• Stations - You can browse by Location, Genre, Popular, New or just Search
  • Podcasts - You can search by Location, Genre or just Search
  • My Added Stations - You can add your own stations too
When listening to a station, be it Favorite, BBC, Podcast etc..., you can assign it to a favorite, by pressing and holding the desired preset button for 5 seconds.

Currently, it is not possible to fast forward and rewind BBC Podcasts.

Any access to the list of stations is performed by connecting to the internet, and obtaining the latest update. This is remarkably quick, in comparison to the Reciva browsing, with menu lists coming up within a second of the button being pressed (my Reciva based IRMA1 takes 20 seconds to bring up 'My Stations').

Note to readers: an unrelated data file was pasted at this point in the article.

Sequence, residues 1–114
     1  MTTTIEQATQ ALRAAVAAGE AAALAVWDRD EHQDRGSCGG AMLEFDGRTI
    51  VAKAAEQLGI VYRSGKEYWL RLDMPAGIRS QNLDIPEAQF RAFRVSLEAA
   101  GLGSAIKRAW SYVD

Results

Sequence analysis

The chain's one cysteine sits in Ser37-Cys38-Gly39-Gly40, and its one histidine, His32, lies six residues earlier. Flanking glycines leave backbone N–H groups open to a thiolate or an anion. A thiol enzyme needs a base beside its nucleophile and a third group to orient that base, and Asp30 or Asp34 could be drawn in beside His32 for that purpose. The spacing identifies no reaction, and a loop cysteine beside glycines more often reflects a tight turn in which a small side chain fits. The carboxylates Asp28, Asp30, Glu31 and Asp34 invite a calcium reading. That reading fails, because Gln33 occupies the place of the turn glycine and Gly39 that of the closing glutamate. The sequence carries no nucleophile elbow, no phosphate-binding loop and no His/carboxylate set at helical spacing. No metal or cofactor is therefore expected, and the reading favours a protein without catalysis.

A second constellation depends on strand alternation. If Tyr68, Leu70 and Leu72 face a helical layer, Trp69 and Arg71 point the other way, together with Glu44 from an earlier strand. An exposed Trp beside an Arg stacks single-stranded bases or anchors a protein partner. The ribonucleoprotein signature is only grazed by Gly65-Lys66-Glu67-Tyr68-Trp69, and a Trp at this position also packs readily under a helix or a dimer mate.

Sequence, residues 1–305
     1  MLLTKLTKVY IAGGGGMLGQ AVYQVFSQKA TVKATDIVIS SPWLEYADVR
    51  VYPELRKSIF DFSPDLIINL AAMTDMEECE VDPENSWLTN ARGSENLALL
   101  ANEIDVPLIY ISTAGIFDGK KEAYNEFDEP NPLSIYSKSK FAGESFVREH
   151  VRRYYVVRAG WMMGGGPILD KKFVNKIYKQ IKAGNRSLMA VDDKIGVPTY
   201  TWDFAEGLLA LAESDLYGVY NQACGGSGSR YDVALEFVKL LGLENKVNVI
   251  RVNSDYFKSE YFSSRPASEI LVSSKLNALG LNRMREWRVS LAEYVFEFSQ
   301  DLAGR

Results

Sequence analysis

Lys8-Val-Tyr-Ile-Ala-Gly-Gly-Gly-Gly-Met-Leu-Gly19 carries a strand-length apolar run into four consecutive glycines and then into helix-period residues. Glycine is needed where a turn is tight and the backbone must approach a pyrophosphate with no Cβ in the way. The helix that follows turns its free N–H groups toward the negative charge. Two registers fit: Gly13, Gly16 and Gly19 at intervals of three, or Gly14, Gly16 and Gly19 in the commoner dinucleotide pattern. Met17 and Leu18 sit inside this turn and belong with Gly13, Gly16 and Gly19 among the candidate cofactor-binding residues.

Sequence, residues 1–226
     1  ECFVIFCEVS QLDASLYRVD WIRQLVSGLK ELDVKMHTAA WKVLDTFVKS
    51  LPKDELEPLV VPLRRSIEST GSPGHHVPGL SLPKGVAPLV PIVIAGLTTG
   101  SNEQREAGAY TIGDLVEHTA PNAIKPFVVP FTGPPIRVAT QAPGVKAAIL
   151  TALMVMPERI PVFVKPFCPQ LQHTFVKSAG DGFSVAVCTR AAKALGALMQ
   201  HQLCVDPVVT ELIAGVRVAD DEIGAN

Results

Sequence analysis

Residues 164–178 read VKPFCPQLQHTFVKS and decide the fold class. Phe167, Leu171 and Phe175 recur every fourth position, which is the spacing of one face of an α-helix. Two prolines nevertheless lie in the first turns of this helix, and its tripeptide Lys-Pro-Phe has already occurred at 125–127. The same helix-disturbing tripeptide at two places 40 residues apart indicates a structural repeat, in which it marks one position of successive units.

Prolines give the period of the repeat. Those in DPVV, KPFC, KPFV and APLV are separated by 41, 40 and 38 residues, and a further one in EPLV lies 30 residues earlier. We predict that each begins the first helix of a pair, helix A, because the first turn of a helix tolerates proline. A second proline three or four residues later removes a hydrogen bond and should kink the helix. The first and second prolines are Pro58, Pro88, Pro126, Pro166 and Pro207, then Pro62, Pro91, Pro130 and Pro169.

Now, if you want to add more than the five allowed presets, you can do in by configuring your own internet radio lists online. All you need to do is register your radio by finding your radio's unique ID number from the radio's Help menu, and creating an account on

Here, you can browse the list or radio stations organised by country, and by genre. When you select to add the station, you can create your own groups, so that like grouped stations remain together. This becomes available on your radio immediately.

Each time you register the radio, the unique ID number is re-generated, so if you buy the radio second hand, there's no need to worry when it comes to registering it - just create a new account and enter the unique ID. You can then unshare the radio settings with the previous owner on the website.